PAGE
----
CCC will copy only items that are different between your source and destination. So if you complete a backup task, then run it again the next day, CCC will copy only the items that were created or modified since that last backup task. CCC determines that a file is different using its size and modification date. If a file's size or modification date is at all different on the source and destination, CCC will copy that file to the destination.
Before concluding that CCC is recopying every file, open your most recent completed task in CCC's Task History window and compare the "Total size of source data set" and "Data copied" values. It is not uncommon for as much as 2-5GB of files to be updated between daily backups, for example, even when it seems that you have made no changes to the source volume. macOS is constantly updating various cache and log files, and these can really add up over the course of a day. If the amount of data copied is just a fraction of the total data set, then the amount of data being copied is probably normal.
Organizational changes will lead to large amounts of data being "recopied"
If you have made large organizational changes on your source volume, e.g. renamed or moved a folder that had a lot of data in it, that will result in many items being recopied to the destination because the path to those items has changed. You can avoid this recopying behavior by applying the same organizational changes to the destination prior to running your backup task.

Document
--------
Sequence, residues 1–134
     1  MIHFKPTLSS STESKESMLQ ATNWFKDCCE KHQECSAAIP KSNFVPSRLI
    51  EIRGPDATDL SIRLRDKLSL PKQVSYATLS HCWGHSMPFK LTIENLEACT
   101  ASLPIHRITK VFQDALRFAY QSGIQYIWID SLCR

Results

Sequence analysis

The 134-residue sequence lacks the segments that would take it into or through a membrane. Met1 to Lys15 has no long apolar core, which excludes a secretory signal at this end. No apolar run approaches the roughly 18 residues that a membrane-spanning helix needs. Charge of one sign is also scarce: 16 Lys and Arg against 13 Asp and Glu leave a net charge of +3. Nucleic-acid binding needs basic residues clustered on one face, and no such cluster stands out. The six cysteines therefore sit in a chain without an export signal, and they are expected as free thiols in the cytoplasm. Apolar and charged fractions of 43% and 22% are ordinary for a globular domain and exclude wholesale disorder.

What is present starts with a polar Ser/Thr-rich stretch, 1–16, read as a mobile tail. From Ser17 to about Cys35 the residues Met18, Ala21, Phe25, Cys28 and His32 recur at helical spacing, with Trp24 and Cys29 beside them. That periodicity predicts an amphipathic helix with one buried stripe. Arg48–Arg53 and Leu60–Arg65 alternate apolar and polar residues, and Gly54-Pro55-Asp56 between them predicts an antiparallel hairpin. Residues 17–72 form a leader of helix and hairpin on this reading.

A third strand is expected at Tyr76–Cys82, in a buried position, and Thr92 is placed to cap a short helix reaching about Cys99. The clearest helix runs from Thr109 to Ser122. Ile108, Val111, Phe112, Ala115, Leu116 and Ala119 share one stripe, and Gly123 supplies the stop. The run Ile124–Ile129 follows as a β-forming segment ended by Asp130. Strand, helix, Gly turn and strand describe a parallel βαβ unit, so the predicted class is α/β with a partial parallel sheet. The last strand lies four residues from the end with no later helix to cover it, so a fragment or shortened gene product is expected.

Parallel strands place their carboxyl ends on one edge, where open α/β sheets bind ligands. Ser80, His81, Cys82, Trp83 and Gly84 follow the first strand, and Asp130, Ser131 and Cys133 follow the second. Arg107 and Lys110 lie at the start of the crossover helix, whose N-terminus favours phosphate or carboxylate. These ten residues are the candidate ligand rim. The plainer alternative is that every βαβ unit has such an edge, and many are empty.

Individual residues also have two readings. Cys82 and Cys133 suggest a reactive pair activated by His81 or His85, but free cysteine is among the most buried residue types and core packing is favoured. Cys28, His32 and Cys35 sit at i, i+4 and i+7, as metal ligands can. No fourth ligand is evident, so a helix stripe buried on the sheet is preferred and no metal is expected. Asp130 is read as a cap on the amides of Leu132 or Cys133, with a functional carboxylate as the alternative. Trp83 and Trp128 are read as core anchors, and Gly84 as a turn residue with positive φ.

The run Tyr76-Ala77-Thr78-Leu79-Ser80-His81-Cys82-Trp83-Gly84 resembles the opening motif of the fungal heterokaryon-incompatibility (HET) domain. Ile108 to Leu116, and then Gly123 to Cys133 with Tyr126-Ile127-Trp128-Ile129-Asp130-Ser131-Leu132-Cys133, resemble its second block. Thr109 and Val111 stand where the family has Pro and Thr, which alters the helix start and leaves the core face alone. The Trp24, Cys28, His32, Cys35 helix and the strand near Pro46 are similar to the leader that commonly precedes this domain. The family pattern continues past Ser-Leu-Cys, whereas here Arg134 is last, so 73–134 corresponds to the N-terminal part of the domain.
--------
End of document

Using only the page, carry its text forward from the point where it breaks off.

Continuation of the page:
Some antivirus applications may actually change file modification dates
After CCC has copied a file to the destination, the very last thing that it does is to set the file's modification date to the modification date of the source file. This filesystem activity prompts the AV software to scan the file, which is generally OK (albeit with a performance hit to the backup task). Reading a file is not sufficient to change the file's modification date, so well-written AV applications should cause no harm by scanning the files that CCC copies. When an AV application "touches" the file, however, or otherwise makes changes to the file, the modification date will be updated to the current date.
If the modification date of the files on your destination are getting set to the date and time of the backup tasks, there's a good chance that AV software or some other background service is making changes to the files after CCC has copied them. If you cannot resolve the modification date tampering of your AV software (or other software), you can configure CCC to avoid updating files that are newer on the destination. To apply this setting, select your backup task in CCC's main application window, then:
- Click the Use Advanced Settings button.
- Open the Troubleshooting Options disclosure triangle.
- Check the Don't update newer files on the destination box.
- Save your task.
HFS+, NTFS, and other modern filesystems store the modification date of files based on the Coordinated Universal Time (UTC — comparable to GMT). FAT filesystems, on the other hand, store file modification dates based on the local time zone setting of your computer. Generally this difference isn't a problem, but there is a drawback if you copy files between FAT volumes and NTFS or HFS+ volumes. During time zone shifts and the Daylight Saving Time/Summer Time shift, the modification dates of files on FAT32 volumes will appear to have shifted. As a result, CCC will see these files as out of date and will recopy each file. Unfortunately CCC cannot remediate this shortcoming of the FAT filesystem, so if you have to copy files to or from a FAT volume, we recommend that the corresponding source or destination volume is also FAT formatted.
We have also received sporadic reports of this same problem when copying files to some network filesystems (NAS devices). If you encounter this problem, try the suggestion above to use the Don't update newer files on the destination advanced setting.